2. When the sinning party only seems to repent.
Sometimes unrepentant sinners will claim to repent, but they don’t really repent. They may weep and confess their sins, but it’s only worldly sorrow (2 Cor 7:10). They may say all the right words, and appear to be godly (2 Tim 3:5), but their behaviors never fundamentally change. They may change for a short time, but soon enough, they return to their patterns of sin. They may hide their sin, and make a display of outwardly righteous behavior, but the pattern of sin remains. They may not seek accountability, or they may manipulate the people who are supposed to be holding them accountable. But they persist in their sin, even while claiming to repent.
The Bible is clear that we are to avoid those who only claim to repent. 2 Timothy 3:5 warns of those “having the appearance of godliness, but denying its power. Avoid such people.” Christians should not reconcile with people who pretend to repent, but whose lives are still enslaved to sin.
3. When the sin has caused great harm and offense.
It’s important to understand that some sins have such great consequences that they completely shatter the trust at a personal level, and the relationship can never be restored. For example, within a marriage, adultery can have such disastrous effects, and be such a betrayal of trust, that the spousal relationship can never be reconciled within the marriage covenant (sometimes called restoration). That’s why God says adultery is grounds for divorce, whether or not the adulterous spouse repents (Matt 6:31-32). Scripture nowhere requires spouses to reconcile within a marriage, when one spouse has biblical grounds for divorce, even if the offending spouse repents.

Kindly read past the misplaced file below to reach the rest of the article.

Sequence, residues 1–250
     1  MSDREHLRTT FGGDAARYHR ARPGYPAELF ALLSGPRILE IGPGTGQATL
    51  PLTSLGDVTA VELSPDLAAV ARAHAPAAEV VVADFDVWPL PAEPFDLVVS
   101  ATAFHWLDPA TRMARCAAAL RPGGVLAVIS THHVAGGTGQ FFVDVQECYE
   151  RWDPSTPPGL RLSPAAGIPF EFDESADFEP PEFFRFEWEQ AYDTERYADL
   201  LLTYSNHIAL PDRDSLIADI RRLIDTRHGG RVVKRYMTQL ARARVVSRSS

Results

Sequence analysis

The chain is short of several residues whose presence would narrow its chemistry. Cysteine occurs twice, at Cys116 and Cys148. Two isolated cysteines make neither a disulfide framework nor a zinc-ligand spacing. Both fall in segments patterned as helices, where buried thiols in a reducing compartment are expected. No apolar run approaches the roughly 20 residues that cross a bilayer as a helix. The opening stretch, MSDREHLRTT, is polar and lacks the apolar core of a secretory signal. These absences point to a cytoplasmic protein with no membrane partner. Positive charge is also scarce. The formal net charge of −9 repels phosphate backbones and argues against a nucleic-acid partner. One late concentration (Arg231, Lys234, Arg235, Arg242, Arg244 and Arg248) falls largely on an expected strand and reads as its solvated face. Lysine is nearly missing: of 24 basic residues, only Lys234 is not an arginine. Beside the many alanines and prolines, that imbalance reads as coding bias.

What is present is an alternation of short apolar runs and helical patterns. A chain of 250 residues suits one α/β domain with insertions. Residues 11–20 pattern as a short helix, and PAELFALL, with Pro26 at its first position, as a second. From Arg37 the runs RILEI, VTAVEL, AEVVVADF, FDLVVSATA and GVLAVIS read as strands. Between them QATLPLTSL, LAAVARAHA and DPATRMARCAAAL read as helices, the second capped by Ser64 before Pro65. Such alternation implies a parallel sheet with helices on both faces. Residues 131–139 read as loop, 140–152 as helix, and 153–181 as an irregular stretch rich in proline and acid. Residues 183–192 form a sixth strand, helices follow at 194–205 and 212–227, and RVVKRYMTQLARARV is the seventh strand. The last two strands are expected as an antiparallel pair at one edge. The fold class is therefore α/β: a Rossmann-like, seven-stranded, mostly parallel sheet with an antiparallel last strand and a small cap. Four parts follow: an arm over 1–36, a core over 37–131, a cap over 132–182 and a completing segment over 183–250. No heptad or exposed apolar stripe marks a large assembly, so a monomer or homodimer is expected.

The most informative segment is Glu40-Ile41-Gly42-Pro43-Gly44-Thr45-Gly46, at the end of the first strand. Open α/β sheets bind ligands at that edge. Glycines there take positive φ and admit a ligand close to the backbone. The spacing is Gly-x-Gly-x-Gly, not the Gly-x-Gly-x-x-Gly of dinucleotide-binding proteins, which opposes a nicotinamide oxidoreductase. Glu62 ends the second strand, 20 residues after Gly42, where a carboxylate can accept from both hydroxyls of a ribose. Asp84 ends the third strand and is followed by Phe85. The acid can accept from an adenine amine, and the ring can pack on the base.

The Bible does require us to forgive those who have harmed us, and it requires us to reconcile as brothers and sisters in Christ, if the sinning party repents. But the Bible does not tell us to trust people, and receive them into close companionship, if they have utterly destroyed our trust. We must love them (Matt 5:44), but we are not required to trust them (Jn 2:24).
Finally, Christians need to be very careful not to demand that people reconcile. Too often, Christians are eager to see relationships restored. And while a restored relationship could be a beautiful thing, it may also be a terrible thing. Christians shouldn’t pressure other Christians to reconcile, when reconciliation is not biblically warranted.
This article was originally posted at PastorTomHicks.com and is posted here with permission.
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By David Schrock — 10 months ago